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Respir Physiol. 2000 Jan;119(1):69-82.

CO2 transport and excretion in rainbow trout (Oncorhynchus mykiss) during graded sustained exercise.

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Department of Zoology, University of British Columbia, Vancouver, Canada.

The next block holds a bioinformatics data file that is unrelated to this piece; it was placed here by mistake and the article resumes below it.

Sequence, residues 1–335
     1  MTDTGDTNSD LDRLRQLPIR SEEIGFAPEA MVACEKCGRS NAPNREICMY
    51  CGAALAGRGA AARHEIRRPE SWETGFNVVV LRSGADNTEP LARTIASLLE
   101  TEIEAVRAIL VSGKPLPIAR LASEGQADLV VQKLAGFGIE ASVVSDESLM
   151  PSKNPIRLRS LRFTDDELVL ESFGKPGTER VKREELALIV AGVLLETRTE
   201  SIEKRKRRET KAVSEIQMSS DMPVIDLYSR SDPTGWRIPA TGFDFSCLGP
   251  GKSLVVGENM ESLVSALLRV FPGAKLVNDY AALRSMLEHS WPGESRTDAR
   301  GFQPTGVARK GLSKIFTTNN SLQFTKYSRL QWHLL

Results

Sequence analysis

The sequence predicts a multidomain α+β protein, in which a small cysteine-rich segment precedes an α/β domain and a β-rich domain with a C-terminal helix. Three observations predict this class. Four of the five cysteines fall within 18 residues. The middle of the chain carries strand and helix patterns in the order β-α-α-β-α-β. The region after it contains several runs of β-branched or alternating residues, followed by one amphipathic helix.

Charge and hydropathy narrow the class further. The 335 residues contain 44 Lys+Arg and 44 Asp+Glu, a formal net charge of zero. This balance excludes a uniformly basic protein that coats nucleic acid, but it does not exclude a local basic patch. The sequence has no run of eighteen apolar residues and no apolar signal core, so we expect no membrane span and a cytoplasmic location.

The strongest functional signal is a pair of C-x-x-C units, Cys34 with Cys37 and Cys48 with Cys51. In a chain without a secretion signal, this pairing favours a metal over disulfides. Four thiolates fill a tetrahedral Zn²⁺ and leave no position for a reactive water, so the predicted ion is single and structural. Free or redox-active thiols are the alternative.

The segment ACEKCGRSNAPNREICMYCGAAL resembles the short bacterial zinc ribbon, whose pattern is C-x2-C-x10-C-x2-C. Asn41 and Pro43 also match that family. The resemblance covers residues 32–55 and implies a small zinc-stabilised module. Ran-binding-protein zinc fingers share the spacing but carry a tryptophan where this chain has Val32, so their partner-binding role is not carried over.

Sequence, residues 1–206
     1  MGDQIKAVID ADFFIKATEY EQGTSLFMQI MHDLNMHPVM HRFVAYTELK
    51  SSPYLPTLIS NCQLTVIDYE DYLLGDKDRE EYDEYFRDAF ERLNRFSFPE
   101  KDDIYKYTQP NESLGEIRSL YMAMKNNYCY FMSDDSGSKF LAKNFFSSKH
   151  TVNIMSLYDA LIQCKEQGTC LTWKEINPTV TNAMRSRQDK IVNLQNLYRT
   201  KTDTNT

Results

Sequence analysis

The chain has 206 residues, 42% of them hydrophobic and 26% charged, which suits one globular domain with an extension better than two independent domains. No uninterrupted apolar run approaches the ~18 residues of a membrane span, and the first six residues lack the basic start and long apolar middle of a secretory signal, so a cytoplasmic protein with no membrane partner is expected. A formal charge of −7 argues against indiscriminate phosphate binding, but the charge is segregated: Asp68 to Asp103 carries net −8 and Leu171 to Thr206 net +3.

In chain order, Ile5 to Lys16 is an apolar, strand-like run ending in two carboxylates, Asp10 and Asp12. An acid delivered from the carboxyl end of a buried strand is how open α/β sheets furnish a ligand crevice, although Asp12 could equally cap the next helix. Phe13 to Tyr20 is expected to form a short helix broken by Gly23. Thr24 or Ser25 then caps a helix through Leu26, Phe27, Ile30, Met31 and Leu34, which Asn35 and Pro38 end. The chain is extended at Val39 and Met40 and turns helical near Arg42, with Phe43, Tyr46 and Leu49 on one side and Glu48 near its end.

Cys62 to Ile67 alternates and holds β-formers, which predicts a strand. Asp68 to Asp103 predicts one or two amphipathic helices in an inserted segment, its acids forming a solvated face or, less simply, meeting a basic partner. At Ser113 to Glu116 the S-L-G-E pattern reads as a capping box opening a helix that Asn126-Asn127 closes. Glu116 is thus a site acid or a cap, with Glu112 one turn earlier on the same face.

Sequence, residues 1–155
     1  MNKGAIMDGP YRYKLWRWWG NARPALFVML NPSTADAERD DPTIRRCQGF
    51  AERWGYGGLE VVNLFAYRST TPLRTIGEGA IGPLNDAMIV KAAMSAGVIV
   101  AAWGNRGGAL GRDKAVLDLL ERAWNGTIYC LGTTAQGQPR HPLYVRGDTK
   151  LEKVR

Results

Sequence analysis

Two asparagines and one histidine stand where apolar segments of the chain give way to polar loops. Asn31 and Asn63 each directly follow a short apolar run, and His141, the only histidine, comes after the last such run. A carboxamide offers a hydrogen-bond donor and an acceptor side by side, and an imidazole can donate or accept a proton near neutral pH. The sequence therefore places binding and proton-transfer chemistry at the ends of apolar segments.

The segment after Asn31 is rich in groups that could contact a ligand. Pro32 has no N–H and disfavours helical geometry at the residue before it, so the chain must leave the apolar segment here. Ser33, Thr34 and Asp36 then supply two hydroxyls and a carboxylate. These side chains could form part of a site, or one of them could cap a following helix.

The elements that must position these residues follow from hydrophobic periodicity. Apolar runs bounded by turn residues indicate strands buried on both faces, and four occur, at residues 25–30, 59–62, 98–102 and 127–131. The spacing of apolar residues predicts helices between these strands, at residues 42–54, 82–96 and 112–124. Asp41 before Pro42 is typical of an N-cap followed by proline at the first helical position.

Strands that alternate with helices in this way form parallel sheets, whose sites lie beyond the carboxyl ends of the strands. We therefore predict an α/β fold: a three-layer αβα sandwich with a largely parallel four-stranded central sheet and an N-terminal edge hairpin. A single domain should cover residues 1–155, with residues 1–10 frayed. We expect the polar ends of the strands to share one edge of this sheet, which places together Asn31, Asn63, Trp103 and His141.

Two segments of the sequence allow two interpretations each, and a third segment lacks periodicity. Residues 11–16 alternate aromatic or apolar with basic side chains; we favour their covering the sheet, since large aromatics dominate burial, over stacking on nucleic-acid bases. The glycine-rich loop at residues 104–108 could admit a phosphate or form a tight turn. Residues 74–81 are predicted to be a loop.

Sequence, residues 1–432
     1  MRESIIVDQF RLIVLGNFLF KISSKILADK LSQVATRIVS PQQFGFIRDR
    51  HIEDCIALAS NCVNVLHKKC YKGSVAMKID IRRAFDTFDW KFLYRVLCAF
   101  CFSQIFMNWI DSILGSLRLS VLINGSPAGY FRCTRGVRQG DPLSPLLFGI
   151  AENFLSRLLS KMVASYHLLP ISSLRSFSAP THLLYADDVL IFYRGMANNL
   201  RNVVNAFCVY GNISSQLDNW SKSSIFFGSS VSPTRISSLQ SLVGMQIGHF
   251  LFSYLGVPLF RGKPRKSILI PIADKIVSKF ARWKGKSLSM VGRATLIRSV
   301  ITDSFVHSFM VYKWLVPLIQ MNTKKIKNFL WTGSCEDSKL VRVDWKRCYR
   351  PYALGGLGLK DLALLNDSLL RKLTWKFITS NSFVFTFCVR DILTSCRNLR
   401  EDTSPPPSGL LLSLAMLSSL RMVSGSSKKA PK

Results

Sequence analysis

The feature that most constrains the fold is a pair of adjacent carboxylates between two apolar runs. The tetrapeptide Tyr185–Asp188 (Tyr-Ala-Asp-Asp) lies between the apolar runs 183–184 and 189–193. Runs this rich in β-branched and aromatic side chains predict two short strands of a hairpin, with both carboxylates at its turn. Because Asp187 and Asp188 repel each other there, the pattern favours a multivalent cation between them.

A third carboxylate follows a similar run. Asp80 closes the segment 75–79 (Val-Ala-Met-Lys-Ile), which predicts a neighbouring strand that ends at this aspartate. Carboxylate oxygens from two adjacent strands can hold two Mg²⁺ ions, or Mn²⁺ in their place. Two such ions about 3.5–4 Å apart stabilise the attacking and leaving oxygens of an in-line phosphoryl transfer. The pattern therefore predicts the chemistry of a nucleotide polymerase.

A quantitative analysis of CO2 transport and excretion was conducted in seawater acclimated rainbow trout (Oncorhynchus mykiss) swimming at different sustained swimming velocities. CO2 excretion increased linearly with cardiac output during exercise but arterial P(CO2) (Pa(CO2)) and total CO2 levels also increased indicating a diffusion limitation to CO2 excretion. The elevated Pa(CO2) was not accompanied by a decrease in pH, indicating that the acid-base compensation was rapid. Mixed-venous P(CO2) increased to a greater extent than Pa(CO2) resulting in a large increase in the venous arterial difference in P(CO2) (Pv(CO2) - Pa(CO2)). The Pv(CO2) - Pa(CO2) difference was used to calculate the proportion of total CO2 excreted comprised of dissolved CO2 which accounted for less than 1% of total CO2 excreted in fish swimming at 11 cm sec(-1) but increased to about 9% at the greatest swimming velocity indicating that the pattern of CO2 excretion changes during exercise. There was no effect of exercise on the proportion of CO2 excreted which was dependent upon HCO3-/Cl- exchange (54%) or that which was dependent upon the dehydration of HCO3- that resided within the red cell prior to gill blood entry (42%). The large proportion of total CO2 excreted that was dependent upon HCO3-/Cl- exchange is significant because this is thought to be the rate limiting step in CO2 excretion.

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